WHY I LOVE LUCY – GARRY ARMSTRONG

I’ve got the end of summer blues. Maybe it’s the lingering memory of last year’s winter from hell. Walter Houston is talk-singing “September Song” in my head and he won’t go away. A phone call from a dear friend who has received some bad news from his doctor just deepens my melancholy. I need to get out of this funk.

LUCILLE-BALL

Melancholy. Melancholy Serenade. Serenade of the Bells. The Bells of St. Mary. A silly word link game I play to lighten things. It suddenly reminds me of another August more than three decades ago. Late August and Lucy.

The assignment? Cover Lucille Ball’s arrival in Boston. The nation’s favorite red-head was visiting her daughter, Lucy Arnaz, who was opening in a pre-Broadway show. It was pushing 9 pm, another long day. Yes, I had the end of summer blues.  Lucy finally arrived at Logan Airport, surrounded by an entourage and a gaggle of media.

I hung back, beckoning with my TV smile and waited for things to quiet down. I was looking down at my feet for a long moment when I heard the familiar voice. “What’s the matter, fella, long day?”, Lucille Ball inquired as I looked up, face to face with that very familiar face.

We smiled at each other. Real smiles. Not the phony ones. I didn’t realize it but Lucy had already cued my camera crew and things were rolling along. I’m not sure who was doing the interview.  Mostly we chatted about the “glamour” of TV, celebrity, long working days and Boston traffic.

I signalled the crew to shoot cut-aways, beating Lucy by a second and she winked. We shook hands and Lucy gave me an unexpected peck on the cheek..and another wink as she walked away with her entourage.

Lucy showFast forward to the next afternoon and the end of a formal news conference. Lucy seemed tired as she answered the last question about the enduring popularity of the “I Love Lucy” reruns. I was just staring and marvelling at her patience. She caught the look on my face and gave me a wry smile. As the room emptied out, Lucy beckoned me to stay. We waited until all the camera crews left. She offered me a scotch neat and thanked me for not asking any dumb questions during the news conference.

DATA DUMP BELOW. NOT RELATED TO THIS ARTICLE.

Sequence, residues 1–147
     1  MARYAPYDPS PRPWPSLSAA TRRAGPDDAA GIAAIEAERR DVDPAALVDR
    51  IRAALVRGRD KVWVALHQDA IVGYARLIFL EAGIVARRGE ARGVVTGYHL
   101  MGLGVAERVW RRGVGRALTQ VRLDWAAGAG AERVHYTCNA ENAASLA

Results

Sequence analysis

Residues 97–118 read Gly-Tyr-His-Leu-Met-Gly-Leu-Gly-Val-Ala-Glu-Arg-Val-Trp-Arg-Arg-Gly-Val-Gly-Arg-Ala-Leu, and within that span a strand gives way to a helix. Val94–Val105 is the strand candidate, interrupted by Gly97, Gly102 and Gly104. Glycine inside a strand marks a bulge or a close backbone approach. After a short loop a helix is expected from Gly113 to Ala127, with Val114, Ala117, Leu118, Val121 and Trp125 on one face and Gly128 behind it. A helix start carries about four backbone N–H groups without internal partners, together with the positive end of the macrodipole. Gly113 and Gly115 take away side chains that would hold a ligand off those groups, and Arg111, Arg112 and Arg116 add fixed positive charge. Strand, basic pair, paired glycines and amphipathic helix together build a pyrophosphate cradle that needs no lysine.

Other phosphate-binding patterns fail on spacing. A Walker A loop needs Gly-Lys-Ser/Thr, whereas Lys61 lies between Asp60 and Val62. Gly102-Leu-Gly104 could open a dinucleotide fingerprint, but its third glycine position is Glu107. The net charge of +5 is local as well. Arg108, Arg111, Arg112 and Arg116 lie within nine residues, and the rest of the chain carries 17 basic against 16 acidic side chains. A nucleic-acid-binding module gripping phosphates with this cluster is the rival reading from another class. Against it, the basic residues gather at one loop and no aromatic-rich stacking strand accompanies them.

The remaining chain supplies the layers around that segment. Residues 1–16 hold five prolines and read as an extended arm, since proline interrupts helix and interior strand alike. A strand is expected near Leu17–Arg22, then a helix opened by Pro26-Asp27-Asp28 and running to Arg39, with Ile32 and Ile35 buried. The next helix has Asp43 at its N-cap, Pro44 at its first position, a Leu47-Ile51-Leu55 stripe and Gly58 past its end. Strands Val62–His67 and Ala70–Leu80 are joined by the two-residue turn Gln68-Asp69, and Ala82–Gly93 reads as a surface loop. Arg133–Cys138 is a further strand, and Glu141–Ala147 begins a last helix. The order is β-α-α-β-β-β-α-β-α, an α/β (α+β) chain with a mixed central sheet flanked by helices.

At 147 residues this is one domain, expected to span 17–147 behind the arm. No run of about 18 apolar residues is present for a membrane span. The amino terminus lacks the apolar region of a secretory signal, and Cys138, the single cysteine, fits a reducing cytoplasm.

I asked if she’d gotten any sleep and she flashed that wry look again. Lucy gave me that “so what’s the problem?” look. I muttered something about being burned out and a little blue because summer was fleeting. She laughed. A big hearty laugh. Her face lit up as she pinched my cheeks.

Lucy showed me some PR stills from her “I Love Lucy” days and sighed. I showed her a couple of my PR postcards and she guffawed. Another round of scotches neat.

Lucy talked quietly about how proud she was of her daughter. I just listened. She smiled as she realized I was really listening.

A PR aide interrupted and Lucy looked annoyed. We stood up. I reached out to shake her hands but she hugged me. She pinched my cheeks again and gave me that wry smile again as she walked away.

HOLLYWOOD FANTASIES, GARRY ARMSTRONG

I love movies. Old movies  Movies from the 30’s, 40’s and 50’s. I grew up watching these films. They were movies from Hollywood’s golden age when fantasy really trumped reality. These were films seen in theaters. First, second and the beloved third run or neighborhood movies houses.

old hollywood glamor shots

This was before television. The movie theater experience was as much fun as seeing the film. That’s where the fantasy began.

I saw my first movie in 1946. I was four years old. The movie was “The Best Years Of Our Lives”. My Mom and Dad took me to see the film in a big glittery theater in Manhattan. New York. The city that never sleeps. My Dad, in his Army dress uniform with ribbons and medals, had just returned from Europe. World War Two had ended less than a year earlier. I vaguely remembered the headlines. My Dad seemed ten feet tall in his uniform. My Mom was more beautiful than I could ever recall. She looked like a movie actress in one of those popular magazines of the day. I felt as if we were in a movie that evening. It was magical!

I remember some of the scenes from the movie. The returning GIs, looking down on their hometown from the air. The family reunions. The men looked like my father and yet they didn’t. I was bothered, but didn’t understand. I dreamed about the movie that night. My Dad was the star. My Mom was Myrna Loy. I was the son receiving souvenirs from my Dad. I could see myself in the movie.

astair and rogers

That fantasy would replay itself many times over ensuing decades. It grew with the films of my youth. The westerns, especially. I adored westerns. I liked seeing the good guys always beat the bad guys. I liked the way the good guys dressed and the horses they rode. Curiously, none of the guys — good or bad — looked like anyone in my family but that didn’t matter to me. Didn’t think much about it. I was  all of those good guys! Most of all, I was John Wayne. Later, I was so much John Wayne I enlisted in the Marine Corps right out of high school. Another story.